Several entrepreneurs go into business for economic survival usually due to push factors such as lack of jobs, lack of education, low skills, discrimination and sometimes due to absence of or unsatisfactory opportunities. A research by InfoDev, supported by world bank, identifies a person who engages in entrepreneurial activity chiefly as a means of providing subsistence income to himself/herself as a subsistence/necessity entrepreneur. Necessity entrepreneurs typically do not aspire to grow the business to the point of creating employment opportunities for workers outside of their immediate family. These kinds of entrepreneurs or businesspeople are usually prevalent in retail and personal care sectors and are typically one person operations, generally range from street hawkers to educated hopefuls with limited access to formal employment.
As would be expected, these category of people lack basic entrepreneurial skills, managerial skills, have poor book keeping skill sets and are not constantly looking for ways to improve their offerings because they are just trying to make enough money for the next meal. Due to the poor economic situation of the country, there continues to be an alarming rise in the number of entrepreneurs being produced out of necessity.
Where there are extensive necessity entrepreneurship endeavors taking place in the form of micro, small and other forms of business undertaking, improving the competence of the business owners will contribute positively to the survival rate of these necessity driven businesses to ensure that they realize the powerful economic potential they inherently possess. Most necessity driven entrepreneurs have sparse capital, education, skills, and knowledge, thus are unable to develop innovative products and services. Some of the issues of unemployment, gender inequality and inclusiveness can be solved, or at least can be reduced, by expanding entrepreneurship. While most entrepreneurs may be quick to say funding is a major problem, education and entrepreneurial training have proven to be important for the success of any venture. Higher education increases the probability of being pulled by opportunity rather than being pushed by necessity into the entrepreneurial ecosystem.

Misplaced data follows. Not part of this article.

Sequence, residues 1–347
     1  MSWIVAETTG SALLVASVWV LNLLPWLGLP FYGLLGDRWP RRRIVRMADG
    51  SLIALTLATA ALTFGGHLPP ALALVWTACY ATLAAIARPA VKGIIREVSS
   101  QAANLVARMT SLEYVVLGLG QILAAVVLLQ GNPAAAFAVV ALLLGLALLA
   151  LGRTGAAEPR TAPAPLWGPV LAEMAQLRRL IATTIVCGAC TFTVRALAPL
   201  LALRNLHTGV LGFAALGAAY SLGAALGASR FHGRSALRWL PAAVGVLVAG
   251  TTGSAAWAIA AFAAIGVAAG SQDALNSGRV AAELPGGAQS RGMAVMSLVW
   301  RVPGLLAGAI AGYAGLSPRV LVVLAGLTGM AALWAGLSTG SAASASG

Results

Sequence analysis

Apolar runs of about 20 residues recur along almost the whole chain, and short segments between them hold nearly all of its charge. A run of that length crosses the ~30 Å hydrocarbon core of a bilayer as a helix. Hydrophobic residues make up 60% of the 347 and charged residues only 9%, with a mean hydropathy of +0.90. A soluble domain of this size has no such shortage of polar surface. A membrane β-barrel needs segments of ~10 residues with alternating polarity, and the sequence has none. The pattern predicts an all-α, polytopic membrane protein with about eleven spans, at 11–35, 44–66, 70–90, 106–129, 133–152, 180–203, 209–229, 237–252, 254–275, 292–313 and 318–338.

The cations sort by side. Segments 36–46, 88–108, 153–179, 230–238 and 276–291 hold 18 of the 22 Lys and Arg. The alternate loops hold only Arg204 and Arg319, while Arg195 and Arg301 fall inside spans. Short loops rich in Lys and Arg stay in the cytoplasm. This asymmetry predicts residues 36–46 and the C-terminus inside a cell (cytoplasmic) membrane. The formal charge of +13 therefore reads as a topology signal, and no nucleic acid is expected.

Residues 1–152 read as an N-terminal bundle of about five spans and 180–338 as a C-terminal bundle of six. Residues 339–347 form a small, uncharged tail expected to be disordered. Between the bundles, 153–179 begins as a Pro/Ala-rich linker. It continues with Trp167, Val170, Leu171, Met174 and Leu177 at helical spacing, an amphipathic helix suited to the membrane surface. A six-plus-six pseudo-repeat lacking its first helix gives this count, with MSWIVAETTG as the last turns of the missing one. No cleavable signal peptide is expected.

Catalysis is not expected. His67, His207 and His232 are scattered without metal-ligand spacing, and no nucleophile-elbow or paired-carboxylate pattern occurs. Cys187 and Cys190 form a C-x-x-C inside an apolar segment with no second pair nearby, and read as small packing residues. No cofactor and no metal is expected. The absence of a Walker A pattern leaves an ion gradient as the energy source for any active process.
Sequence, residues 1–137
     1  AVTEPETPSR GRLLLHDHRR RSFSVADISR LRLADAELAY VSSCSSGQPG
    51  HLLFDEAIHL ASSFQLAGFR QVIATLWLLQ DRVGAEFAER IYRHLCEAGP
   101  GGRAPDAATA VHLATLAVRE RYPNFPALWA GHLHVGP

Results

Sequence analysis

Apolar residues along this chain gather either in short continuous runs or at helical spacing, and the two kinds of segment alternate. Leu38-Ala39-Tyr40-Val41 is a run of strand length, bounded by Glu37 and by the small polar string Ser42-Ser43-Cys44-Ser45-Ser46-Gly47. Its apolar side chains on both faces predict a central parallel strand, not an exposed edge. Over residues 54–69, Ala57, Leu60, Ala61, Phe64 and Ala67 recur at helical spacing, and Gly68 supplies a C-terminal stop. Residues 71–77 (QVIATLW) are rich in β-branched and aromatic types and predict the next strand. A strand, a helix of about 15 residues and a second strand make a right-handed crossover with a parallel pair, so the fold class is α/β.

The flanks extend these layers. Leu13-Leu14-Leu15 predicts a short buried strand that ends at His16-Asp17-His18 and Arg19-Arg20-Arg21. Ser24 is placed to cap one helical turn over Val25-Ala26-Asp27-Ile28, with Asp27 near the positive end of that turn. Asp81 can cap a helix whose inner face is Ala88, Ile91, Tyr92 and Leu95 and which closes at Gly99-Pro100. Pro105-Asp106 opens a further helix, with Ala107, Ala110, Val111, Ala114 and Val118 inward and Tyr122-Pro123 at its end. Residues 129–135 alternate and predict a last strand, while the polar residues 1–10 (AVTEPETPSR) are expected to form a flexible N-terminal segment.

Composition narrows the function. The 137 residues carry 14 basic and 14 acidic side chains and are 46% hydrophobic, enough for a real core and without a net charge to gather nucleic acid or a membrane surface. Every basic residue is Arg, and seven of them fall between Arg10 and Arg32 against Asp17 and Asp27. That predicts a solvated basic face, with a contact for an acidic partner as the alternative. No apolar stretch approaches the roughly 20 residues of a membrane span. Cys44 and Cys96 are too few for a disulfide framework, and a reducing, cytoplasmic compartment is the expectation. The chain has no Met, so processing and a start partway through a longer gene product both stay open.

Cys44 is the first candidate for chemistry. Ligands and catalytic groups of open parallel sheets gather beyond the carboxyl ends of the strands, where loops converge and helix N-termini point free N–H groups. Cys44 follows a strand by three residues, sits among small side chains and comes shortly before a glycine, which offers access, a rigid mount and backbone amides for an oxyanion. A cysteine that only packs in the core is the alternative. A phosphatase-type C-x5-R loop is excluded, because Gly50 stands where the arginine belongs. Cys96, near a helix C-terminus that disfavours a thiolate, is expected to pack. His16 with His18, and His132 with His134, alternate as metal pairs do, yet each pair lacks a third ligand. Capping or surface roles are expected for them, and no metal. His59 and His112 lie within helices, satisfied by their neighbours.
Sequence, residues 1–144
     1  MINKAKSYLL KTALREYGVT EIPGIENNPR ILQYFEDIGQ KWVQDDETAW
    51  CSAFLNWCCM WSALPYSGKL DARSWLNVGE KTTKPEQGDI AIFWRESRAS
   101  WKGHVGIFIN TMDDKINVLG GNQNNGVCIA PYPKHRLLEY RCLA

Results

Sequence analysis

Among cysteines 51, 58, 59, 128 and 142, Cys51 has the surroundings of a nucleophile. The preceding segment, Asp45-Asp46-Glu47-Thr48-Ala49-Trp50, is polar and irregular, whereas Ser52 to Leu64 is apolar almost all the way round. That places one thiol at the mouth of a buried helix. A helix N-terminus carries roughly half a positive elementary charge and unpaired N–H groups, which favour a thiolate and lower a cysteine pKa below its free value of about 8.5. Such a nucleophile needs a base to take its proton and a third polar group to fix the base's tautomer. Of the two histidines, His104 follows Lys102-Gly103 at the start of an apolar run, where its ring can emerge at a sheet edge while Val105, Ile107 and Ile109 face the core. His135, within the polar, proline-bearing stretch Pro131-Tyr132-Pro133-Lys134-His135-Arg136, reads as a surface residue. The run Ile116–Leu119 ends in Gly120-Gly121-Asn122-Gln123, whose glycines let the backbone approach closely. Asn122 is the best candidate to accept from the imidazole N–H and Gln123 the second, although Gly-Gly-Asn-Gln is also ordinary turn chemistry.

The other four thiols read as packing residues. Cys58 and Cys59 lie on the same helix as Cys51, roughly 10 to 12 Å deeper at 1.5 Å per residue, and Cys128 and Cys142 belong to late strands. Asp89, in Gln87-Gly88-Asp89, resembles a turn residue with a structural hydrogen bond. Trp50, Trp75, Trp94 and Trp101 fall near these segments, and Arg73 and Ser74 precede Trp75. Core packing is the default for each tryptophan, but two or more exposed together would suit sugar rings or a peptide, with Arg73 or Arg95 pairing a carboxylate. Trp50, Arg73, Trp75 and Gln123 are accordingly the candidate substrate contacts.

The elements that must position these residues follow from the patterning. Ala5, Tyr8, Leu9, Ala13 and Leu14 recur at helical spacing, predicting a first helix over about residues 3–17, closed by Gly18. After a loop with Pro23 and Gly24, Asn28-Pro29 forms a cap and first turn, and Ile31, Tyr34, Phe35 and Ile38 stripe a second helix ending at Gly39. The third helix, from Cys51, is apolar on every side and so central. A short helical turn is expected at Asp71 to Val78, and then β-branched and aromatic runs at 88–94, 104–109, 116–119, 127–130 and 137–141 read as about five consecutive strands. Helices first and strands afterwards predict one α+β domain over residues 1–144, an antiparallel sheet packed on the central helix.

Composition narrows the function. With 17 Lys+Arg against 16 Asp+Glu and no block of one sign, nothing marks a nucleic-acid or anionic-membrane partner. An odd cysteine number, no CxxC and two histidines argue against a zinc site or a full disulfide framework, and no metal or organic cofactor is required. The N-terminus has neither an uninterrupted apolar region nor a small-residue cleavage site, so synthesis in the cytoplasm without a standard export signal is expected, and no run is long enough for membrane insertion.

Most businesses created out of necessity either crash or plateau for years. Mama Mariah, your favorite fish selling customer in the market has remained in that tiny kiosk for 16 years, selling the same products. This is however not always the case, there are a number of outliers who find opportunities within their micro businesses to expand to begin to solve real needs. A typical example is Ijeoma Ndukwe, the CEO of bubez pap, a food processing company currently processing, and packaging raw pap fortified with vitamins and minerals in different variants, who started out selling pap from her house. While running her business, she identified the existing challenges of time involved in its preparation from scratch, poor hygiene concerns from purchasing from an open market, and especially monotony in taste. Today she has over 10 variants in the market and exports to the UK and US. This did not happen overnight; she took steps to improve not just her business acumen but developed herself as a person and as an entrepreneur. She is one out of many as there are now women who were motivated by necessity when they started their enterprise but are now taking advantage of the various opportunities for growth available that are targeted at the specific needs and rights of female entrepreneurs and access to financial opportunities.
Necessity entrepreneurship will create jobs and meagre income which may be seen to curb social problems associated with unemployment in the short term, but it will not advance personal growth or national economic growth in the long run but the unsatisfaction from hand-to-mouth entrepreneurship will result in quick exit from their business ventures. With a lot of the inequality faced by women in the corporate world, entrepreneurship can provide a level playing field for anyone to succeed. Unfortunately, this is not the case, as we still experience less women navigating and succeeding in their ventures.
It is one thing however to provide training for these female entrepreneurs but it also important to have follow up and feedback mechanisms, support and hand holding opportunities where necessary. This is also a call for the successful heforshe entrepreneurs to intentionally mentor women in business. A female mentor will help navigate through the hurdles that she has gone through as a woman or may understand but a man can help understand the other parts that we may be missing as women.
Weyinmie is a development expert with special focus on Gender, Financial Inclusion and Enterprise Development. She has over 8 years working experience across several sectors – oil and gas, extractive sector, not for profit management, leadership, and the entrepreneurial ecosystem. She is the founder of Wevvo Nigeria, a resource and community-based platform that supports single female breadwinners.